YOUR BUSINESS AUTHORITY
Over the past few months, I’ve watched a drama unfold between former friends and business owners that is fit for a soap opera.
The company at issue isn’t a Fortune 500 entity with large profits; it is merely a hunting club that owns real estate and collects a very modest income. However, the struggles of these members should serve as a warning to all business owners on the importance of planning an exit strategy early and while everyone involved still gets along.
One owner has alienated himself from his former friends by demanding a difficult ultimatum: Either the other members buy out his interest or the company is forced to dissolve in order to let him take his investment and leave. Despite owning a tiny interest with virtually no marketability, he insists on being paid full price. In his mind, his interest is worth more than a willing buyer would ever pay for it.
Unfortunately for the other members, he has developed a very convenient case of amnesia and doesn’t recall agreeing to any of the transfer restrictions contained in the operating agreement for the business. While the company had the foresight to prepare a simple agreement at the outset, they did not anticipate what kind of misery an aggrieved friend could cause.
While companies in Missouri can avoid some of these difficulties due to statutes providing the legal right to withdraw, this merely shifts the fight to one about money. For example, if a member withdraws from a limited liability company in Missouri, that member has the right to receive distributions according to the operating agreement, or, if the operating agreement is silent, up to the “full value” of such member’s interest in the LLC. Rather than determining whether to buy out a member’s interest, business owners in Missouri may instead be left wondering how to pay for such an involuntary buyout. When the company lacks cash (e.g., real estate is the only asset) or operates on very thin margins, this could mean a forced sale of assets in order to meet the obligations to the departing member.
In order to avoid these problems, it is best for all members in a business – whether an LLC, partnership, corporation or any other type of entity – to thoroughly discuss at the outset what will happen if a member wants to leave or if the majority would rather one member no longer be involved. State law gives ample flexibility to structuring an LLC and placing restrictions on transfers. The business operating agreement or bylaws are the best place to apply that flexibility and set out, with specificity, how those situations will be handled.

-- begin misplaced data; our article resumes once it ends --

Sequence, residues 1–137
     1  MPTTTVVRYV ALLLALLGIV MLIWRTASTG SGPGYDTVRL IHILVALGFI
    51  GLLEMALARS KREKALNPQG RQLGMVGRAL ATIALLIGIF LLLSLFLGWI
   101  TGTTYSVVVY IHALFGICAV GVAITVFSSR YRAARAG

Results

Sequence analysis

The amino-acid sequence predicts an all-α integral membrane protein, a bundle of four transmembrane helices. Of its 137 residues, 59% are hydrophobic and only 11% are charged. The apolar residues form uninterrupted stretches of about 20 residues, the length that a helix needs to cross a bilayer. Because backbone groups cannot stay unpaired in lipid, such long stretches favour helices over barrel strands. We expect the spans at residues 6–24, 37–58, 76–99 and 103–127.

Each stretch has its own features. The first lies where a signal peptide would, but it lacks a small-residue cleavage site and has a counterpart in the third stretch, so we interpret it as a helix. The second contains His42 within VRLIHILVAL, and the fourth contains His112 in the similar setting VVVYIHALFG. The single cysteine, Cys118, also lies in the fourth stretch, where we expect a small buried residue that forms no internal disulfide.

There are many questions that will need to be answered to ensure future headaches are avoided.
Discuss what it might cost to buy a member out unexpectedly and how to value a member’s interest in the business. Consider where that money might come from (e.g., life insurance) and what financial impact it might have on the company as a whole. Think about using a promissory note to fund the buyout payment over time rather than requiring a lump-sum payment. Is it worth paying the same amount for a member who has become a burden as it is if a member is forced to leave due to unforeseen circumstances (e.g., illness)? Should there be a discount for a minority interest? How big should that discount be? What happens if a member dies? Do family members automatically inherit the deceased member’s interest and participation rights, or is the company required to buy out the family?
The most prudent business owners will plan for all of these potential scenarios in advance, providing all members with clarity as to their rights and obligations and avoiding disputes later on. It is far easier to come to an agreement with your fellow business owners at the birth of the business when all involved are cordial and willing to negotiate. Waiting until a problem arises is guaranteed to result in an expensive court battle where only the attorneys will win.
Robert Petrowsky is an associate in the estate planning and transactional practice groups of Carnahan Evans PC. He can be reached at firstname.lastname@example.org.
The first downtown Springfield branch for Arvest Bank opened; a longtime licensed massage therapist became a first-time business owner; and 7 Brew Coffee opened its fourth shop in Springfield.